Anyone travelling this summer?
OK, apologies to everyone for whom this isn't summer, but in the Northern Hemisphere, it's the height of summer, and a lot of us are travelling. Especially in the U.S., where a national holiday on Tuesday gives a lot of people a four-day weekend... or just a whole week off, in some cases. Like in the case of Sun, which shuts down for the whole week, since so few people would be there anyways.
I'll be doing the same thing this week, flying up north tomorrow to visit family. So you'll get a guest daily blog tomorrow, and I'll be posting the rest of the pages for the week from... um... wherever I can find wi-fi in Northern Michigan. I think it's going to involve driving really, really far.
I'm also planning on getting some coding work done on the road... yes, for me, vacation sometimes means getting into code, not out of it. The difference is, it's the stuff that really interests me. For those of you who listened to the podcast of a mini-talk I did at JavaOne and are wondering where the video capture preview component stuff I talked about in Lloyd is, I keep finding all sorts of truly scary crashing bugs, and I don't want to put anything out there until it's at least halfway solid. My latest fun has been a crasher on Intel Macs, where even Apple's sample code crashes the JVM if you start up the capture object, the
SequenceGrabber from the AWT thread instead of your main thread. In fact, even launching from a separate thread dies if AWT event-dispatch is already up. So I need to see if things can be made happy if bringing up the capture stuff before touching AWT, maybe with some lazy-loading of expensive stuff (like the preview component, which repeatedly copies blocks of ARGB data between QuickTime and Java2D wrappers).
Oh, and I forgot that on Windows, the video capture will try to pre-allocate all available space on your current drive unless you tell it not to. And there's a fabulously obscure bug inolving out-of-spec behavior when you get callbacks with audio data instead of video. Isn't caputre fun?
Anyways, if I get a nice evening by the lake with the laptop, the iSight, and nobody bugging me, maybe I'll get some of this fixed and checked in...
In Java Today,
According to the JavaWorld article Java generates jingles in Sun's pockets, "Jonathan Schwartz, Sun Microsystems' new CEO, has promised to soon reveal the mystery of how much money his company gets from Java--a number that Wall Street is keen to learn because Java offers Sun its most distinctive technology advantage over competitors." The article says Sun has three key areas of Java-based revenue: license fees from device makers, developer training, and sales of Java tools to end-users.
The article Using Sun Java Studio Creator 2 on Mac OS Xexplains the benefits of developing professional Web applications using Mac OS X and Sun Java Studio Creator 2. In addition, a short tutorial is provided to demonstrate how to extend one of Java Studio Creator's sample applications.
Head First Java author Kathy Sierra advocates idea-sharing and open-source in her blog Mosh Pit as Innovation Model. "'Professionals' in any field come in two flavors: Knowledge Sharers and Knowledge Hoarders. The hoarders believe in the value of their 'Intellectual Property' (IP). The products of their mind must be carefully guarded lest anyone steal their precious ideas. But let's face it--if our only 'strategic advantage' is our ideas, we're probably screwed."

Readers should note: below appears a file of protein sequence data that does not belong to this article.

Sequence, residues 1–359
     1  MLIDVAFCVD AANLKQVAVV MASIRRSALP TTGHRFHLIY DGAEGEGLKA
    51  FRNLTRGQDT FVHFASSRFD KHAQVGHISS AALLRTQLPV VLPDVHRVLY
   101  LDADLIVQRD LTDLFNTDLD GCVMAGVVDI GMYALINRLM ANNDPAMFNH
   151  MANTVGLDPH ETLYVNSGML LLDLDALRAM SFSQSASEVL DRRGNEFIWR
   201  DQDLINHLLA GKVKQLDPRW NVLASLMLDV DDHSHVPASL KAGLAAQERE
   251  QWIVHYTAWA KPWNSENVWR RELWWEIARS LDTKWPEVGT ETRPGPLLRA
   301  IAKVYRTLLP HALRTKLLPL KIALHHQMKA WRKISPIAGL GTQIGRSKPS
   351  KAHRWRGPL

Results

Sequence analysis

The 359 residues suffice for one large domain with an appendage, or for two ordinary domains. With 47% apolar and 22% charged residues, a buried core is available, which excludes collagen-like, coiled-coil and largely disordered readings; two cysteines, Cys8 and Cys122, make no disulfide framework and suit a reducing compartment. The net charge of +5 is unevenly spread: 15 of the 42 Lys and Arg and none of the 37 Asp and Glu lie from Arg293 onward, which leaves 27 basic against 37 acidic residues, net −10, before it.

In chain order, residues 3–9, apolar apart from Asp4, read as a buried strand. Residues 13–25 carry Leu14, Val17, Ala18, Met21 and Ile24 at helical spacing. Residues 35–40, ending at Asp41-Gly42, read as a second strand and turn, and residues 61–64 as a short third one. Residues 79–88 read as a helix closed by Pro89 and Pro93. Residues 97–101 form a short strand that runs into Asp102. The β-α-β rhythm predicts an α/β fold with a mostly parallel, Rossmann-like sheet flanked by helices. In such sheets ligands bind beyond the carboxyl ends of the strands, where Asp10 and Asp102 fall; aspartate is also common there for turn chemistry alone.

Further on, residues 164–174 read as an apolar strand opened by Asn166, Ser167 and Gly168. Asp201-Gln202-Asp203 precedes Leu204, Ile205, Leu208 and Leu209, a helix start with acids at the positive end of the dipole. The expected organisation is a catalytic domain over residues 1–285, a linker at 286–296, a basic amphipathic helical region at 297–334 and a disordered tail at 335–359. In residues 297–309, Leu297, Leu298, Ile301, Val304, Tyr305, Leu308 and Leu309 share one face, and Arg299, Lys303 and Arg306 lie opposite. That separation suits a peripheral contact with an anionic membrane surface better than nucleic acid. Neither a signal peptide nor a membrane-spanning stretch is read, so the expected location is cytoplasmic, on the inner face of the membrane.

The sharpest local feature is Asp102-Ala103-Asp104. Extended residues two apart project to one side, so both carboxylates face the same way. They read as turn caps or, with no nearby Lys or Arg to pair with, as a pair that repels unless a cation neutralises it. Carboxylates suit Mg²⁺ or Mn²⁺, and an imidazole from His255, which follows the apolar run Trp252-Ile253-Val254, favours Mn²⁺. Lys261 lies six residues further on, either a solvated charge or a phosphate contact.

Mason Glaves writes about The Impending "Implementation Independent" Interface in today's Weblogs.
"A week or so ago, I wrote on some of the difficulties of testing Swing-based applications and promised a look ahead at an emerging trend in UI design that might offer a solution at a more fundamental level than the workarounds we use at present. Today I am going to look into the concept of something called the 'implementation independent' UI and discuss why it may be something we should spend our time looking into."
REQ: alt.web-browser.die.die.die, subtitled (or... Where Swing Really Shouldn't Venture), is a blog in which Simon Morris says
"GMail and its like are a dead end. Let's re-group and throw our weight behind a real solution."
Kirill Grouchnikov shows off a
Tetris Easter egg for Swing applications:
"Here is how you can launch Tetris-inspired line of games right from your favourite Swing app. You can also plant it as an Easter egg in that application you're shipping tomorrow."
In today's Forums,
jplemieux addresses a much-sought Swing feature in
Re: AutoCompleteDecorator w/JComboBox:
"Glazed Lists has had a solution for autocompletion for a little while now. It includes filtering the ComboBoxModel as you type into the ComboBoxEditor, so it might be worthwhile checking out if you have 5000+ items in your model. The behaviour is meant to mimic that of the Firefox URL address picker which narrows your URL history as you enter text. It supports a strict-mode that should behave correctly with your numeric model data."
Richard Bair brings animation to JTables in RE: Flashing cells:
"Lemme clarify. The renderer is going to be reused for multiple cells, so you can't have logic in the renderer that actually flashes. What I mean by use the renderer is, let the renderer decide whether to show the text or not. For example, you should have some other timer, separate from the table, highlighters, or renderers that alternates whether a cell is painted or not (causing the flashing). Have it call repaint on the table, passing the exact cell that needs to be repainted so that performance is decent. Let the renderer figure out whether the text should be shown or not (when the renderer is created, point it to some object that knows whether the text should be painted or not."
In today's java.net
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Anyone travelling this summer?